Reemerging of enterovirus 71 in Taiwan: The age impact on disease severity
Date of Original Version
Enterovirus 71 (EV71) infection commonly strike children under the age of 3 years, with an occasionally unfavorable outcome in children. This study was designed to explore the relationship between age and the severity of complications, which may associate with antibody-dependent enhancement (ADE) in EV71. All EV71-infected patients during the outbreak of 2008 were recruited. In total, 134 patients were enrolled and categorized into two age groups, 0-12 months (n=18) and ≥12 months (n=116). Pulmonary edema/hemorrhage more commonly occur in patients younger than 12 months. No difference in the occurrence of herpangina/hand-foot-and-mouth disease (HFMD), uncomplicated brainstem encephalitis (BE), or autonomic nervous system (ANS) dysregulation was noted between the two age groups. Patients with pulmonary edema/hemorrhage (11.9±14.7 months) were younger than patients with herpangina/HFMD (35.8±26.4 months) or ANS dysregulation (33.9± 20.9 months). Our findings are in agreement with the data regarding the outbreak in Taiwan, in which a decrease in age corresponded to an increase in disease severity with regard to central nervous system complications. A reduction of maternal antibodies to the subneutralizing level within 1 year of age may be associated with the ADE of the infection. This study could provide possible clinical significance with regard to ADE phenomena in young infants infected by EV71. © Springer-Verlag 2011.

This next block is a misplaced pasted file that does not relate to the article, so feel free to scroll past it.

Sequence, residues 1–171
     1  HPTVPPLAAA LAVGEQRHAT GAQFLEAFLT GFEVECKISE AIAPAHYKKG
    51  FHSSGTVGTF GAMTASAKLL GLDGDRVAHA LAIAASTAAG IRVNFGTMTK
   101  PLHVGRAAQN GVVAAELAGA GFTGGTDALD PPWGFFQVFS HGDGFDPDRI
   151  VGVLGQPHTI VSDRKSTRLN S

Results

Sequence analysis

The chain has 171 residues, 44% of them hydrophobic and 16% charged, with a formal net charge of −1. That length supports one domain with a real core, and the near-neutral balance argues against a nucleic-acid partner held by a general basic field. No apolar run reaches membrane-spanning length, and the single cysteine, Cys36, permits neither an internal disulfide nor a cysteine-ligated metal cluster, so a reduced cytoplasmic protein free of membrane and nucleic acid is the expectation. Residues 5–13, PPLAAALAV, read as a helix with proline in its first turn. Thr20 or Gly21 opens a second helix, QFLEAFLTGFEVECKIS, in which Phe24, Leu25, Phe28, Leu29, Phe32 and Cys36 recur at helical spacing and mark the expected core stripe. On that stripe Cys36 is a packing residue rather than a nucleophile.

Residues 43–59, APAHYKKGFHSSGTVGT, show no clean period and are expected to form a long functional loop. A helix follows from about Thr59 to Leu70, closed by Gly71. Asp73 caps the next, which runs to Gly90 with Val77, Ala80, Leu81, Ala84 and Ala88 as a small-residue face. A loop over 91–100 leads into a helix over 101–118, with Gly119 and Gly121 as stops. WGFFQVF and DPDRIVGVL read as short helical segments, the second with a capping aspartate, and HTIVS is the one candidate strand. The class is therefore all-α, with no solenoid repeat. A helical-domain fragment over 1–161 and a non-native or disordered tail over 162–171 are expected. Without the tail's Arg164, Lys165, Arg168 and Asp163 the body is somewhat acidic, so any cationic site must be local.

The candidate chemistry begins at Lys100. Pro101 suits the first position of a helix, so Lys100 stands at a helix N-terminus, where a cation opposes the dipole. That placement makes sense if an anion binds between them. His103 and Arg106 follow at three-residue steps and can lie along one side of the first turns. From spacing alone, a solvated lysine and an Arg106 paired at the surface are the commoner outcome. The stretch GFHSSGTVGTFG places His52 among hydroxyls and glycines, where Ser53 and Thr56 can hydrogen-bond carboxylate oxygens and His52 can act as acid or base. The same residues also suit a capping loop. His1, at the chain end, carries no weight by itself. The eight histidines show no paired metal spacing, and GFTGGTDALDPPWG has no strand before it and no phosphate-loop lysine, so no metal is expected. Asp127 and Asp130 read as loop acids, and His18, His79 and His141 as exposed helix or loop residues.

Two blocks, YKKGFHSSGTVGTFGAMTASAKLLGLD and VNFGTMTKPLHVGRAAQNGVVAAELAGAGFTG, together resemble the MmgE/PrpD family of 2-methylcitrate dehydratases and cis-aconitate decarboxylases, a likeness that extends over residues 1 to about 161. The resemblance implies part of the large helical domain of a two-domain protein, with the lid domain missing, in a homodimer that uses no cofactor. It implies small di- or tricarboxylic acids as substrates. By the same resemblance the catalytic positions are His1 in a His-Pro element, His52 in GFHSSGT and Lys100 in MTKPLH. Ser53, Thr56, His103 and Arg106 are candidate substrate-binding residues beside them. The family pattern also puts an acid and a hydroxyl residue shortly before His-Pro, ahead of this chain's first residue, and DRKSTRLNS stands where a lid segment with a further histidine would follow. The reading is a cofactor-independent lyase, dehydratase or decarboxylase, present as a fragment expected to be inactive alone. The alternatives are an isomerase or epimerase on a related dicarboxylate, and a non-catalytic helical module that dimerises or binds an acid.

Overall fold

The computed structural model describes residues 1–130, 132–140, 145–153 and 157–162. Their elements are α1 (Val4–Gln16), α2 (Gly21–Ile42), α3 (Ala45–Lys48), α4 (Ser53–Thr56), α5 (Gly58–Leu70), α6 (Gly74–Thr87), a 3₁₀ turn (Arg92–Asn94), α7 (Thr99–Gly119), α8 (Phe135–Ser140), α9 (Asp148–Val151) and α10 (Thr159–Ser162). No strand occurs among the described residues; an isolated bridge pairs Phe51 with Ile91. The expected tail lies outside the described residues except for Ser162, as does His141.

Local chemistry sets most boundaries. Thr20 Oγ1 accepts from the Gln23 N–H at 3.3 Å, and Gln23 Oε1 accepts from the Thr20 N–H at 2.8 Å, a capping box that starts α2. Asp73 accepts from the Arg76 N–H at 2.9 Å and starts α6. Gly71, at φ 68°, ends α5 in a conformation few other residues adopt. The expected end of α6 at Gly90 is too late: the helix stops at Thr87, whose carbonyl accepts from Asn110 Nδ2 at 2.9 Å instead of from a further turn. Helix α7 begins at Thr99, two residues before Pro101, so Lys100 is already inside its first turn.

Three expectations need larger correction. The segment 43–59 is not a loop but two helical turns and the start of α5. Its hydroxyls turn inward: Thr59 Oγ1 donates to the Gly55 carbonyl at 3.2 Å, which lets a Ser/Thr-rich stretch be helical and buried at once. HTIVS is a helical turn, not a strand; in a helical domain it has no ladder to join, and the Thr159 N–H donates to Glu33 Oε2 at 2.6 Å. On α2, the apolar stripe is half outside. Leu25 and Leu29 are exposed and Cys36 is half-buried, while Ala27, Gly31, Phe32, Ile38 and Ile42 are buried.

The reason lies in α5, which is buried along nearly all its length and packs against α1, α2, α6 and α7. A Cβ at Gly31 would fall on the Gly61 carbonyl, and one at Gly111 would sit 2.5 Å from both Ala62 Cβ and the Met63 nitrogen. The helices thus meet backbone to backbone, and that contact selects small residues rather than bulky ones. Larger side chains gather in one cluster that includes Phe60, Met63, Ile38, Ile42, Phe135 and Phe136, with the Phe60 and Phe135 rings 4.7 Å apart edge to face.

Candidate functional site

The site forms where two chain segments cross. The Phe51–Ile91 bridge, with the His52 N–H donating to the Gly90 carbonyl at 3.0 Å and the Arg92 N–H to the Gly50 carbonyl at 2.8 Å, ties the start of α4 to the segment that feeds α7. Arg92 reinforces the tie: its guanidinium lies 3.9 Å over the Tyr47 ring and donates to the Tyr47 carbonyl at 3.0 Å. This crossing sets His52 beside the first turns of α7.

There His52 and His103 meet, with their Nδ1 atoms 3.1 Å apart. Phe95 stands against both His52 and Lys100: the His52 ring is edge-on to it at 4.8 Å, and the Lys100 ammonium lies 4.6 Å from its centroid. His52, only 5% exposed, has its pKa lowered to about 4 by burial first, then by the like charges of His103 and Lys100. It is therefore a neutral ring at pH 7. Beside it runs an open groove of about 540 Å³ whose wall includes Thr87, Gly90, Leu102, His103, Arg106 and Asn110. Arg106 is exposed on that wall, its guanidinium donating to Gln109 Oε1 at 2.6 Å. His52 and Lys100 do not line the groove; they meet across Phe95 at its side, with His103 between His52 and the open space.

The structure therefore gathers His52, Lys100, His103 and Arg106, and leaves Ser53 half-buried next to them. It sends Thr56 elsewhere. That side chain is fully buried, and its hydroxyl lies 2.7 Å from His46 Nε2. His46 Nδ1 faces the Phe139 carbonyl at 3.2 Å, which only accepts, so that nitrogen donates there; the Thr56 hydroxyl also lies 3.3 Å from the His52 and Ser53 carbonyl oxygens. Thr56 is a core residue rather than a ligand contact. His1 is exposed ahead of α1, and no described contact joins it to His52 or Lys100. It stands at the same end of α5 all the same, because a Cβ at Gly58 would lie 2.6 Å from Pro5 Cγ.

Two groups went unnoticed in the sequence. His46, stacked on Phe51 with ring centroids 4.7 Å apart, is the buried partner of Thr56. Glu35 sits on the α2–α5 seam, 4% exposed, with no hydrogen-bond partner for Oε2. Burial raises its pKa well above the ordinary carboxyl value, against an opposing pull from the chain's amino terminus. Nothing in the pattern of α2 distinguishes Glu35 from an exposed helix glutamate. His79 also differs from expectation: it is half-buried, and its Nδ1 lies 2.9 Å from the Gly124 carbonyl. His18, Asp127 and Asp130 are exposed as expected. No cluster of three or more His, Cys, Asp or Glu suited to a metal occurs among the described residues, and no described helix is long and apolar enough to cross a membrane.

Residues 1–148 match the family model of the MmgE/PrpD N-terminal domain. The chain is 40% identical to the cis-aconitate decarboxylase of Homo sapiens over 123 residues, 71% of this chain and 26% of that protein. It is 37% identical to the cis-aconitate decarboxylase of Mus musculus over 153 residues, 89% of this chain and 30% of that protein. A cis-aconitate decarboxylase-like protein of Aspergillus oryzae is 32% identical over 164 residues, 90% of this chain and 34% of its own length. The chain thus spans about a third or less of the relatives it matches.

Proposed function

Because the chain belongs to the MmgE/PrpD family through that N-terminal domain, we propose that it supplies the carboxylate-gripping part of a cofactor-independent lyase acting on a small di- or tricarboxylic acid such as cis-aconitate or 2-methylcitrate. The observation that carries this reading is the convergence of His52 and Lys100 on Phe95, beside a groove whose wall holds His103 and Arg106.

Publication Title, e.g., Journal
European Journal of Clinical Microbiology and Infectious Diseases
Wang, S. M., T. S. Ho, H. C. Lin, H. Y. Lei, J. R. Wang, and C. C. Liu. "Reemerging of enterovirus 71 in Taiwan: The age impact on disease severity." European Journal of Clinical Microbiology and Infectious Diseases 31, 6 (2012): 1219-1224. doi: 10.1007/s10096-011-1432-6.